Missouri Maps

This interactive map is designed to give you some visual representations of what slavery was like in Missouri around the 1840-1850’s time frame. There are points of interest relative to Celia’s trial and the Pro-Slavery debate in Missouri. Additionally, there are layers that give a visual representation of the Missouri Compromise and then the Kansas-Nebraska act.
The final two layers are a portion of the counties in Missouri and their slave density per county. This very basic representation of the counties along the Missouri River gives one a look at what slavery might mean to these counties in regards to the larger Abolitionist debate at the time. There is a large number of slaves in the counties along the river, and rivers make for good farmland/farming, which might explain the high slave numbers.

The Key for the slave density map is as follows:
Red counties have over 30% of the total county population as slaves
Orange counties have over 20% of the total county population as slaves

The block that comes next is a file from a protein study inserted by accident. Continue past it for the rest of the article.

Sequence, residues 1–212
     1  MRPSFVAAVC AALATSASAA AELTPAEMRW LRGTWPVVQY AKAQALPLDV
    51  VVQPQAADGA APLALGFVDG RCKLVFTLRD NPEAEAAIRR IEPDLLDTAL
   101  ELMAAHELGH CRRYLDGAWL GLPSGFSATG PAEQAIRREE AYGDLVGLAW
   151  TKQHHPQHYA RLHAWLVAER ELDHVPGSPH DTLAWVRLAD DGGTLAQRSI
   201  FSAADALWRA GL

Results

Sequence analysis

Green counties have over 10% of the total county population as slaves

It is important to note that Celia’s trial county of Callaway has one of the highest numbers of slaves in the state. You can find more information here.

This is an 1850's Slave Density Map

This is an 1850’s Slave Density Map

This map is an 1850’s slave density map for Missouri. This map is a follow on to the previous interactive map of slave density. This map gives a state wide representation of the slave population. The Key says: number of slaves to every 10,000$ worth of farmland and farming implements in the County. Once again, Callaway county and many of the counties along the river have a high population of slaves in relation to farmland.

Courtesy of the University of Denver and Edwin Leigh

Callaway County, Missouri

Callaway County, Missouri

This is a helpful visual aid for Callaway county, Missouri.
Courtesy of Wikipedia